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Kenneth Warren Exhibition


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Had the chance to visit an exhibition of violins from Kenneth Warren (Chicago). I attended a similar display some two years ago when there were even more instruments than this time.

Instruments on display included: Brothers Amati, Rogeri, Ruggeri, M. Bergonzi, L. Storioni, Alex. Galgiano, Giuseppe Guadagnini, two Paolo Testore fiddles, Calcanius, Gragnani, Guerra, Cavani, Ceruti, Scarampella, as well as a number of less commonly-seen common makers (Monzino, Maule, Brandini et alia.)

What intrigued me was that quite a number were rather unusual examples (to my amateur eye at least) e.g. the Scarampella, for instance was really wild and rough looking in its finish. The Giuseppe Guadagnini nothing like one I had previously seen.

Amati, Bergonzi and Ruggeri all sounded fabulous.

One thing I picked up was to check the strings on each instrument before playing them. If they all had Dominant strings, for instance, this eliminates, one parameter, when trying to compare and evaluate response. When, as was the case yesterday, they were strung with all sorts of combinations, it makes things that little more complicated.

same too with bows, of course. I picked up one of those available and used that throughout.

Amazing how one feels immediately at home on some fddles and struggle to play another with any freedom. I'm sure this too is a factor in trying and choosing instruments. Sometimes do we try to impose ourselves too much rather than allow each example to express itself?

Great fun, anyway. If I win the Lottery I'll be back to buy one. (Pricey though: the Calcanuis with a back crack (well restored and virtually invisible, mind you) still had a price tag of 60k.


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Sorry, not in Chicago.... you'll have to take an airplane to the Far East.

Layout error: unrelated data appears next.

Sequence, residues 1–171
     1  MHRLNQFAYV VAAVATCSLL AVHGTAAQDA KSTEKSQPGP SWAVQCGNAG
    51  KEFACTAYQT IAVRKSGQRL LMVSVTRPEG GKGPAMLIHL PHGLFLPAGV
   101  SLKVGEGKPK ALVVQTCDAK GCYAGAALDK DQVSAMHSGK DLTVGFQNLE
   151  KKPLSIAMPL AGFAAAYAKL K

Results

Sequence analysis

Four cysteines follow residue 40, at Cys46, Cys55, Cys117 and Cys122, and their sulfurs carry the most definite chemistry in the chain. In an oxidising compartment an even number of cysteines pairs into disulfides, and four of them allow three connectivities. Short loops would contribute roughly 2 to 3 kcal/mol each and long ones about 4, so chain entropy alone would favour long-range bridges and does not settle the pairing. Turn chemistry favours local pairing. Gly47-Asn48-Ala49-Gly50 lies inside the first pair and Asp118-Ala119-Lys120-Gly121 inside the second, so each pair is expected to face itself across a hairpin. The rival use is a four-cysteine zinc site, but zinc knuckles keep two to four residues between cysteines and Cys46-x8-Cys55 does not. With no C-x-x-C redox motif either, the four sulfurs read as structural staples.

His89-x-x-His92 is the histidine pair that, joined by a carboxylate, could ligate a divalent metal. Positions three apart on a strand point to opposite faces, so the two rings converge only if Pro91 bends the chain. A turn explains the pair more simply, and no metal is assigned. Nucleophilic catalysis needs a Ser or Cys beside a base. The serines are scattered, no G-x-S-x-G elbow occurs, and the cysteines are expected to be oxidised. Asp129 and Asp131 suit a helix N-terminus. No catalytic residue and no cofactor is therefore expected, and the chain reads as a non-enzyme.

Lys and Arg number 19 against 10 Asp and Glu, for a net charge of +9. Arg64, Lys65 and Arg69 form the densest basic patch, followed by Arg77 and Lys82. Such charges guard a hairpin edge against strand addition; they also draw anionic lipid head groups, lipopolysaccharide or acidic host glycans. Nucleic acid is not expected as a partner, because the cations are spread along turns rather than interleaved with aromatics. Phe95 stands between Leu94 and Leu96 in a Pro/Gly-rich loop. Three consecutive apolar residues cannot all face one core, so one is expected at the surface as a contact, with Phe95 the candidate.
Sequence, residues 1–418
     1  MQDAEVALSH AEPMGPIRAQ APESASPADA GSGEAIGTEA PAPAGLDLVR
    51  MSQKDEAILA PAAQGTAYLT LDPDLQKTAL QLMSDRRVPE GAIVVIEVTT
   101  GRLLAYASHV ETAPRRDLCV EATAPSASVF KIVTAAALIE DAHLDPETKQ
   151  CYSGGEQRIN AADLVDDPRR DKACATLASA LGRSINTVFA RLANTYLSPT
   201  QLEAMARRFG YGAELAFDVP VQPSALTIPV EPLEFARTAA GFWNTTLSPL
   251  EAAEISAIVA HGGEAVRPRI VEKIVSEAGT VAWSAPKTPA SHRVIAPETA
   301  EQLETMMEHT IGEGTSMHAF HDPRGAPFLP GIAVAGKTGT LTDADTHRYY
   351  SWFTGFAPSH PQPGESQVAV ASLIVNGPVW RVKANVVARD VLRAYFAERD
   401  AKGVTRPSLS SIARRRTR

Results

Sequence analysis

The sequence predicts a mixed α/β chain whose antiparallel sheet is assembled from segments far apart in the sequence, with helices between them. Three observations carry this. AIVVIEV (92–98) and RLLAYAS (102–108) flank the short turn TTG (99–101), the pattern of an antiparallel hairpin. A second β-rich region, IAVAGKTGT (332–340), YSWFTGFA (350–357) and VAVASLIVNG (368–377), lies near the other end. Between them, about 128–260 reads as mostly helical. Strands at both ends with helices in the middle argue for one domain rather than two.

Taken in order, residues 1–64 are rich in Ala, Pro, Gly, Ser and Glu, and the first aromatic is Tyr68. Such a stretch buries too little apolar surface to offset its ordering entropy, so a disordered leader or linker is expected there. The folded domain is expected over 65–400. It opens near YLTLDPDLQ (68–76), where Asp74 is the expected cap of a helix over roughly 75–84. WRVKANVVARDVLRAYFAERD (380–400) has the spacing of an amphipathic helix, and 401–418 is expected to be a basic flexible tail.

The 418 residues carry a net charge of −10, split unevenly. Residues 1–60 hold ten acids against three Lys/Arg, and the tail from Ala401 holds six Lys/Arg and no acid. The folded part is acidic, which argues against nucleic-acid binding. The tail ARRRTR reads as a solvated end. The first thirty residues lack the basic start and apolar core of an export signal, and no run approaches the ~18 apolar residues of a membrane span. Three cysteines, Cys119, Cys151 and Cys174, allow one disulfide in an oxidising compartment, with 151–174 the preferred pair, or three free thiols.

Forgot to mention a Ventepane that looked as fresh as if it had been made last year. Someone must have kept it in a closet for a century or more.

The Scarampella really was a fright to look at - almost like a Picasso parady of a violin - bouts & all f-holes over the place, minimal arching on the back and a miserable excuse for varnish. Such a thing as an "impressionist" violin? Didn't actually play it - too many other tempting beauties.


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Did try both the Gagliano and Storioni.... but to be honest do not have a lasting impression of either. Strangely though, I did have preconceptions of how both might sound.

Perhaps it's like wine-tasting - after a while the aural faculties become a little impared like the tastebuds.

As I tried to say above, I'm sure my efforts didn't do them justice, so many subjective factors involved.

With regard to these travelling instruments:- I believe they cannot be bought direct on site but must be returned to Chicago and importation negotiating - rules of the exhibition. There find there way here (like similar exhibitions from Bein & Fushi and Beare) because there is "money" around for the right kind of goods and its tempting to pay even the high prices asked rather than try to find something overseas yourself, I guess.

The only one that someone seemed to have taken enough interest in to actually take and trial was a Postiglione. The local agent thought the Guerra looked like good value for both investment and as a playing instrument.


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